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Siopao asado is a steamed pork bun originating from the Philippines, though it has its roots firmly in Chinese cuisine. In China, a similar style of steamed pork bun is called pork bao (or baozi). While there are a few smaller differences between the two, the main difference between the two is that siopao tends to be much larger. The pork bun concept is not unique to Filipino and Chinese cuisine though; you can find it in different styles globally, including this Vietnamese pork belly banh mi.
The dough takes a while to rise and it can be a bit tricky to get the hang of, but once you do, you’ll be churning out pork siopao in no time!
- 2 lbs pork
- 1 teaspoon sunflower oil
- 6 garlic cloves
- 1 onion
- 5 tablespoons soy sauce
- 1 teaspoon salt
- 1 tablespoon fish sauce
- ½ teaspoon pepper
- 4 tablespoons honey
- 2 tablespoons cornstarch
- 1 packet instant yeast
- ½ cup sugar
- 4 cups flour
- ¾ cup cornstarch
- 2 teaspoons baking powder
- ¼ cup sunflower oil
- All ingredients ready? Let's begin!
- Cut the pork into bite sized chunks and pat them dry with paper towels.
- Place a pot over medium heat. Add enough oil to thinly cover the base of the pot and heat it through.
- While the oil is heating, peel and chop the onion. Peel and finely dice the garlic.
- Add the onions and garlic to the hot oil and cook while stirring for about 3 minutes or until the onions turn translucent.
- Add enough pieces of pork to the hot oil so it takes up most of the surface, but there is no piling.
- You need to brown the chunks on all sides (about 1 minute per side) so you may need to do this step in batches and repeat. Once all the sides of the pork are browned, add it all back to the pot.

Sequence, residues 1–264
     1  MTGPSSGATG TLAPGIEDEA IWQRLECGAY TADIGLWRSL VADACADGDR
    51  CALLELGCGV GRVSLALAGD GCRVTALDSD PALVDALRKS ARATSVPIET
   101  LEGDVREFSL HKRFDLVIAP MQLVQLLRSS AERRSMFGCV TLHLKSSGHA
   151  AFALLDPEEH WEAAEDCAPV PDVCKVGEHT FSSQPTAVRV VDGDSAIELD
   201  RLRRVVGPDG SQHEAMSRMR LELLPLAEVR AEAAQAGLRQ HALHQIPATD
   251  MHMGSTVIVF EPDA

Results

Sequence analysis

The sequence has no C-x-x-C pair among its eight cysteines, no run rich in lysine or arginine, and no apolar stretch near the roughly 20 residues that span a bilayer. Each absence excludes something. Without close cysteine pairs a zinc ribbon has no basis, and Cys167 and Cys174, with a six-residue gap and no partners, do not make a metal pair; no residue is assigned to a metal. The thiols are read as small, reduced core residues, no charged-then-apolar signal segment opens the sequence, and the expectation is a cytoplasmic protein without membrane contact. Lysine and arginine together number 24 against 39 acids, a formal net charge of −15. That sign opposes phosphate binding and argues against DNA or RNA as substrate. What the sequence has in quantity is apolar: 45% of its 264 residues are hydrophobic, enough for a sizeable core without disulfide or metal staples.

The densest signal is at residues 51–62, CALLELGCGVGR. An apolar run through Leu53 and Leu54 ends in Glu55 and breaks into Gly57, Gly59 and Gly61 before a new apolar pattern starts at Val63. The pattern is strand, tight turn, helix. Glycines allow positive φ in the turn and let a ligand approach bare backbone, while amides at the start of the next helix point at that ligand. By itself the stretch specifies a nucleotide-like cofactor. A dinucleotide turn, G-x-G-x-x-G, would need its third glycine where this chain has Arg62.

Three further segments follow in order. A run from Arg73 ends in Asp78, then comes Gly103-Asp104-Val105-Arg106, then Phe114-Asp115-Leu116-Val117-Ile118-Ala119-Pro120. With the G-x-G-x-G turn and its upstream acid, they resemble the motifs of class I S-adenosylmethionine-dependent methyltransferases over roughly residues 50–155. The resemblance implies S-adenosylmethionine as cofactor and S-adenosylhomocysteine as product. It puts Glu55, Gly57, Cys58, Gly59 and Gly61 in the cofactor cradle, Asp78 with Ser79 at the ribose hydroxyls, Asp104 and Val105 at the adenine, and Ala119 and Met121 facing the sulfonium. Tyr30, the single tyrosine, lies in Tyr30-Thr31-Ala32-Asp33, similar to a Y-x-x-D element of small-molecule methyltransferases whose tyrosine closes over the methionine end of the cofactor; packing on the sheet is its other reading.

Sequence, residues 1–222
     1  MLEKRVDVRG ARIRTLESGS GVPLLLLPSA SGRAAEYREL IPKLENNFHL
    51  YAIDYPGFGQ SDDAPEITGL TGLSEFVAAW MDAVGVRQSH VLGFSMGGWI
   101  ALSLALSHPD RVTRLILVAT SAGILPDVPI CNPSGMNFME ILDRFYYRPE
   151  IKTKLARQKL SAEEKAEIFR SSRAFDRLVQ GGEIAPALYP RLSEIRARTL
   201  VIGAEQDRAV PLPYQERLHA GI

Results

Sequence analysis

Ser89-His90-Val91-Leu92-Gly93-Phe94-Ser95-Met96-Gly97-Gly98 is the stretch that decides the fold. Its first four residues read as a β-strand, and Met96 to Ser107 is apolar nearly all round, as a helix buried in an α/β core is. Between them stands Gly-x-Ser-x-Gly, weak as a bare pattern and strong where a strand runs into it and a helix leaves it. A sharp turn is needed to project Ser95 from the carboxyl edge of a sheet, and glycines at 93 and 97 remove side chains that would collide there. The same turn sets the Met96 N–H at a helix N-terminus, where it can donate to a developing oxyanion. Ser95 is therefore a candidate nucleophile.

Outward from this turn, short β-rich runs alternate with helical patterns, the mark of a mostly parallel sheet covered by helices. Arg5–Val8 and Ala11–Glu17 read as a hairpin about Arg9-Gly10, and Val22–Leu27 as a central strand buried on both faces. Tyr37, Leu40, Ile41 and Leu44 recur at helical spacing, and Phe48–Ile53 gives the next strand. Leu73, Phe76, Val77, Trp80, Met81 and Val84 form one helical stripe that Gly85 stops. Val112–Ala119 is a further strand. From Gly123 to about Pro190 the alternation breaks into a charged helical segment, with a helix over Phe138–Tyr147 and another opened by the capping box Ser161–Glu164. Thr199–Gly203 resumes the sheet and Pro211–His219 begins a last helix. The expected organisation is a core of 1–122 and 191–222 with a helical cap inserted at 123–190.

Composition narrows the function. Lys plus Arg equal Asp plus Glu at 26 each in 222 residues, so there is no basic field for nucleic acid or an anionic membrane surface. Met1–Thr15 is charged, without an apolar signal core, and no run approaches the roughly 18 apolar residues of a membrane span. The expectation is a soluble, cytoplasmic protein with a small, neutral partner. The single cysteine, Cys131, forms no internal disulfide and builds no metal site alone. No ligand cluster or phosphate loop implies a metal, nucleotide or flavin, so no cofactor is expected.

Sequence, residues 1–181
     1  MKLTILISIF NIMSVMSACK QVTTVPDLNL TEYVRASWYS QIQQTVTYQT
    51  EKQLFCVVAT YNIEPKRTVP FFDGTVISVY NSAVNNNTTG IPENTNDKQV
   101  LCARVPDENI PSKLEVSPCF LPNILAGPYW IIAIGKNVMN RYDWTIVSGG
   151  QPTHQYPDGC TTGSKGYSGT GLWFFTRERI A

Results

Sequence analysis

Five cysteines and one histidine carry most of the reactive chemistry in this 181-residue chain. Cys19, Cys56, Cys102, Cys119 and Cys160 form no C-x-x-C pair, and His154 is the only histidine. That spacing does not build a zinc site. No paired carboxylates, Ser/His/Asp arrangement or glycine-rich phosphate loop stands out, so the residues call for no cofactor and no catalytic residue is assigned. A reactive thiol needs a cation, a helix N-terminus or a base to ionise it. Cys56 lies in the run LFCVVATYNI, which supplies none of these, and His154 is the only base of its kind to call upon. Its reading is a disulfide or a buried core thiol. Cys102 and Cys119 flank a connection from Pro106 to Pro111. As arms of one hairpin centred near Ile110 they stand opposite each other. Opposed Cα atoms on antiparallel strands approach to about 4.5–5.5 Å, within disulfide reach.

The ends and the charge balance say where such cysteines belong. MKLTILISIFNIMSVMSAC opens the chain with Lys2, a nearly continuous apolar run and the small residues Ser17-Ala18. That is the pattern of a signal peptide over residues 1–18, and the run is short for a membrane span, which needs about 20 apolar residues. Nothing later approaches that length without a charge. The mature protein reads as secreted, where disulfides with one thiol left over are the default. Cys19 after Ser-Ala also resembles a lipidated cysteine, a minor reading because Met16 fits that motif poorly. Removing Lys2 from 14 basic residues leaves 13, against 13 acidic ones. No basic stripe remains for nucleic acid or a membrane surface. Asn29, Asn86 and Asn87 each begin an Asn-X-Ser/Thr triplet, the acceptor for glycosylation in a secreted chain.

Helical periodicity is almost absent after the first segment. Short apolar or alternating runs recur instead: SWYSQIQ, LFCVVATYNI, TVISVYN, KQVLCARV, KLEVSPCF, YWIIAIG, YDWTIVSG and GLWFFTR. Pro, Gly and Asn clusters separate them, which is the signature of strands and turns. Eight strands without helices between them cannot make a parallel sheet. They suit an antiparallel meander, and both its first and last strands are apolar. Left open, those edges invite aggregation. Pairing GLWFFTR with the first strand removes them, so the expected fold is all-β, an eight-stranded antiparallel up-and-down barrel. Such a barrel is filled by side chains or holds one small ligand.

- Add 4 cups of water to the pot and stir to dislodge anything stuck to the bottom of the pot.
- Add the soy sauce, salt, fish sauce, pepper, and honey. Stir to combine. Bring to a boil then reduce to medium low.
- Cover the pot and allow to cook for an hour or until the pork falls apart when you pull with a fork. Check on it occasionally and add more water if needed to keep the pork submerged.
- While the pork is cooking, you can get started on the dough. Add the yeast and sugar to a small bowl, then add 1 cup of warm water. Mix to combine then let rest for 10 minutes or until bubbles begin forming.
- In a stand mixer with a dough hook attachment, add the flour, ¾ cup of cornstarch, and the baking powder. Mix until combined (you can also use a whisk for this part).
- Add a cup of warm water, the bubbly yeast mixture, and the oil to the flour mixture. Mix with the dough hook until smooth and it stops sticking to the sides of the bowl (about 10 minutes).
- Lightly flour a clean surface and dump the dough onto it to knead with your hands for a few minutes.
- Roll into a ball or shape into a ball by pulling all the corners into the middle and pinching.
- Grease the inside of a mixing bowl with non-stick cooking spray or some sunflower oil and place the dough ball in the bowl. Cover with a slightly damp kitchen towel and leave to rise somewhere warm for 1-2 hours. The dough should have doubled in size.
- Once the dough has risen, briefly knead again then divide into 12 equal portions. Roll each into a ball then cover and allow to rise for another 30 minutes or so.
- Once the pork has finished cooking, remove from heat and shred using a fork. Mix 2 tablespoons of cornstarch in a little bit of water and add to the pot.
- Place back over medium low heat and cook while stirring for 15 minutes or until the sauce gets very thick. Remove from heat and let cool slightly before handling.
- Roll each dough ball into circles 5 inches across.
- Place a tablespoon or two of pork filling in the middle of each circle and fold the edges to meet in the middle, making sure to pinch tight to prevent leaking.
- Cover the filled dough balls and allow to rise for 10 minutes.
- In a preheated steamer, place the buns in a single layer, leaving space between them.